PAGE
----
Next is definitely one of the best songs on "Lion Out Of Zion", 'Things To Be Thankful For' which, THANKFULLY, kind of speaks for itself. Appreciate everything which is worthy of appreciation is the message behind this one, no matter the size or importance, because the act of being appreciative is an important one. I also love the sound of this one which definitely gives it a bit of individuality from the two songs it chases on the album. Check the downright FERTILE praising tune 'Jah In I'. This song is CANDY to my ears. It definitely carries a poignant significance, but I would LOVE to hear an instrumental of 'Jah In I'. It is backed by the best riddim on the album and, coincidentally, it precedes the best song on the album as well because the title track of "Lion Out Of Zion" is a monster. It is a MASSIVE delivery of pride of identification for people throughout the world saying that you are a consistent representative of yourself and your heritage, no matter what situation you are in. It also focuses on the Afrikan Diaspora and just how far the sons and daughters of Afrika have gone, but how we are all still connected. It is a STUNNING composition and though you'll hear songs on the subject, you won't hear one even remotely similar to it in sound from anyone else. It is quintessential Vaughn Benjamin.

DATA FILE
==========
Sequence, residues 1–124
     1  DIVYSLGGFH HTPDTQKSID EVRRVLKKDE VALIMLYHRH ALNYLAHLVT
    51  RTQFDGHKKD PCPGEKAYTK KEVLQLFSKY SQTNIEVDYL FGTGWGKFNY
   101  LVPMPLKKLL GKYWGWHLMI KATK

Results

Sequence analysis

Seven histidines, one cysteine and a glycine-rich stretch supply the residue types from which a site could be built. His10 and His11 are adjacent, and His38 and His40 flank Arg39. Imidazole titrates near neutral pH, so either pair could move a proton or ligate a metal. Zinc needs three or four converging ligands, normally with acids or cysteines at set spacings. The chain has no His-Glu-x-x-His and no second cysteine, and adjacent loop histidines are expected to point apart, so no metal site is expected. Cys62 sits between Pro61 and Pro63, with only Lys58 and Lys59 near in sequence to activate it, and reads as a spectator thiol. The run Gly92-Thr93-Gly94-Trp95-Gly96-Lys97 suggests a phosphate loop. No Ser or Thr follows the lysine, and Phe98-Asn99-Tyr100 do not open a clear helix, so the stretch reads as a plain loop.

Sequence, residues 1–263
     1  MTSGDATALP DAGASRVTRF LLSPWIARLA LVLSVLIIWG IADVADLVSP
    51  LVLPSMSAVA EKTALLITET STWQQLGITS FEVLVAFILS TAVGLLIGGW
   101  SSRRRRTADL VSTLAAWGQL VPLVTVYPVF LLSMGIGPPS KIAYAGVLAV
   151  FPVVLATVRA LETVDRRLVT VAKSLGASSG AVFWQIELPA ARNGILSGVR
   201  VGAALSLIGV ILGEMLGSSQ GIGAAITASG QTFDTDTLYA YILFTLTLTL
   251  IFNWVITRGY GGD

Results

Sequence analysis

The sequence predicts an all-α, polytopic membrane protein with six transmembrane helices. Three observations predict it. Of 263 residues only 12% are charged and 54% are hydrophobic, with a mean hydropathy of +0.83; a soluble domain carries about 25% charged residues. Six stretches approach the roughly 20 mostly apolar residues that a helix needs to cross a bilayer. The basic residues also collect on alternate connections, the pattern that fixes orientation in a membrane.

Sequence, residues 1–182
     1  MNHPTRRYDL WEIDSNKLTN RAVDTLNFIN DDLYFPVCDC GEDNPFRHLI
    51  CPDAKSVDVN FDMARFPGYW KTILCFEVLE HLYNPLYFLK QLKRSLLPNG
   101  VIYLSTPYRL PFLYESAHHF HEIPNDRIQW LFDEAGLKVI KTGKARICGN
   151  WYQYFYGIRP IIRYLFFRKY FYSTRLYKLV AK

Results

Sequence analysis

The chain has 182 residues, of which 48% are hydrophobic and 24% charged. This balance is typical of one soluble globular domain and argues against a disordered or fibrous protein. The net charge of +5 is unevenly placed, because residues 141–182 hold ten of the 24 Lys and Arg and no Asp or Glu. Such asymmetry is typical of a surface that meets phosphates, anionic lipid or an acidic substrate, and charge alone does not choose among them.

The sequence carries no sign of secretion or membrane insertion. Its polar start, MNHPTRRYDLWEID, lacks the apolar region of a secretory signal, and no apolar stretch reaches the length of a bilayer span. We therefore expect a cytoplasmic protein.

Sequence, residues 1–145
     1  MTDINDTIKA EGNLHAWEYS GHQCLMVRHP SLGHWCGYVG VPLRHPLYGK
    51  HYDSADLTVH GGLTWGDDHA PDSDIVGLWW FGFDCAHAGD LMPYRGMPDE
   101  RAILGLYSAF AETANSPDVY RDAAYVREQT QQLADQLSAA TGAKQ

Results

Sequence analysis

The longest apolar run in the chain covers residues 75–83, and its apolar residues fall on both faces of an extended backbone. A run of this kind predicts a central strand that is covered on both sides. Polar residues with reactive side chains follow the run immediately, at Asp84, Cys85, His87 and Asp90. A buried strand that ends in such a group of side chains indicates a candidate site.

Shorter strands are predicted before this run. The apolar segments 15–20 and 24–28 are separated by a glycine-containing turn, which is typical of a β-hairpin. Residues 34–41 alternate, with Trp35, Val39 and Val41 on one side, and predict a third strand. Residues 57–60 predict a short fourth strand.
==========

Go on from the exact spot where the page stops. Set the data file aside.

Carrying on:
The second half of "Lion Out Of Zion" is much more dynamic than its first and it, too, features some mighty moments. Such a moment comes through as Vaughn Benjamin attempts to inject a little positivity into the world with the lovely 'A Simple Heart of Love'. Alone, this is a very nice offering and one sure to get fans moving in response to it, but when you place it directly ahead of the one which follows it, it becomes even better. That song, 'Pass It On' is the second best song that I hear on this album and not only because it a day and a half long (and it is). Together these songs just make you feel good with the latter focusing on spreading joy everywhere you go. Feeling good is contagious. You'll rarely find only one person feeling good in the midst of depressed and sad people ["Every time you hold a good vibes, Jah happy"]. Quickly, whatever it is that is making that one feel good will 'infect' the rest of them and that is what is being pitched around on this song. The song also features an extended period after the vocals have concluded and we just get to hear that SWEET riddim for more than three minutes and it is a LOVELY touch here. Again, take these two as a pair and they do even bigger things in my opinion. 'Humanity Cry' kind of spoils the good mood, but only because of how it is, not because of what it is, because it is a big tune. I took this one as a reassuring piece for people who are facing or who have recently faced disaster and catastrophes. As Benjamin goes on to say: